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How to build a MASSIVE 72V DIY battery pack for high power e-bike

20s14p Li-ion battery pack

So we’re going to be building this 20s14p battery pack out of samsung 30q cells this is a 72 volt 42 amp power battery pack it’s capable of 220 amps continuous discharge with a peak discharge of 300 amps which is bms limited and fully charged you’ll be capable of 25 kilowatts of peak power the whole thing is built out of these modular groups of 14 cells in

Parallel and the cell holders are custom designed and 3d printed to be more compact and save a little weight design credit goes to lottie yankmenek who has a youtube channel i’ll put a link in the description the original design was for 12 cells in parallel so i modified it for 14. i’ll put a link to the sdl file in the description as well so here i am putting

These parallel groups together keep in mind that before i did this i made sure that each one of the cells were within a few hundredths of a volt of each other this is important because as soon as you connect them in parallel the cells will begin to charge each other and equalize in voltage and any sufficiently large difference in voltage between two cells might

Result in a charging current that exceeds what the cell is specified to handle i’m also adding these insulator rings to the positive terminals of each cell and this is technically an optional step but it does help mitigate the risk of an internal short and with a battery this large and expensive it’s a good idea to take every precaution i’m using the kwel diy spot

Welder to spot weld the nickel strip i tried a number of spot welders before and k weld is definitely the best although it does have some drawbacks that i’ll mention a bit later so this is a chart describing the minimum amount of nickel strip needed for a given amount of current you can neglect the length of the nickel strip because it’s so short and offers little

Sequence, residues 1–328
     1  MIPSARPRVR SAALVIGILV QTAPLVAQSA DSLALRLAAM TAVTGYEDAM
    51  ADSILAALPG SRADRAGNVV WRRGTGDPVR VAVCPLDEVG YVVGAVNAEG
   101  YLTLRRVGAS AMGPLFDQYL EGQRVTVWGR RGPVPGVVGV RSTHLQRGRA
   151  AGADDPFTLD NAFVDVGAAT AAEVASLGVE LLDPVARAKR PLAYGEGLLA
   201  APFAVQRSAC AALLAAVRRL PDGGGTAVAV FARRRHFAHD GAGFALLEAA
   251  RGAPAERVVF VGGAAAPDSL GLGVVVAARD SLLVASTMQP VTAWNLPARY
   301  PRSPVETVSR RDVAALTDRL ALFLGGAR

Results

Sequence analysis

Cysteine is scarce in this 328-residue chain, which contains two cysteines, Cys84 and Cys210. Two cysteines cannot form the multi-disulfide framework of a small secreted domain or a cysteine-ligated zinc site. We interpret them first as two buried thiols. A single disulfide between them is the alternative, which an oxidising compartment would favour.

Resistance so it’s only the cross sectional area that’s significant if you check the math between the two highlighted columns you’ll find that you need a minimum of 0.15 square millimeters of nickel strip per amp that it’s going to be carrying since we’re designing for 220 amps max continuous discharge that current will be distributed over 14 connections in the

Parallel groups which means that we have to plan for 15 amps of current per connection and since i’m using 0.2 by 6 millimeter pure nickel strip that means we’re going to need at least two nickel strips per connection but wait the series connections will have to handle the entire 220 amp load and since this design results in seven series connections between parallel

Groups we would need to stack four nickel strips on top of each other for each one of those connections and that’s just too much spot welding so what we’re going to do instead is pick up some of this 0.2 millimeter thick copper plating and use that for the series connections which will also reinforce our parallel connections such that we don’t need multiple layers of

Nickel strip anywhere so here i am spot welding this single layer of nickel strip and i mentioned that the k-welt spot welder had some drawbacks well one of them is that if you’re spot welding pretty continuously the electrodes tend to get really hot i covered mine with a couple of layers of electrical tape but even then you’ll see that i’m putting the electrodes

Down every few spot welds to let them cool so here i’m connecting all the parallel groups together in series using the copper plating it’s nearly impossible to spot weld copper because of its very low resistance so i’ll be soldering the copper onto the nickel strip i’m also using extra flux on the solder points to help with faster adhesion of the solder which

Will minimize the amount of time the cells are exposed to high heat now we’re going to fold these 5s groups in line so that we could stack them on top of one another to make the complete battery pack i also added some heat resistant foam as padding between each parallel group to better align the module and also prevent the groups from knocking into one another

When they’re inside the pack i think this would help with any possible wear mechanically but it also prevents uneven distributions in the flow of currents as two groups randomly touch and create a connection one issue i found with this design is the folding over of copper plates to series connections creates these jagged protrusions that need to be accounted for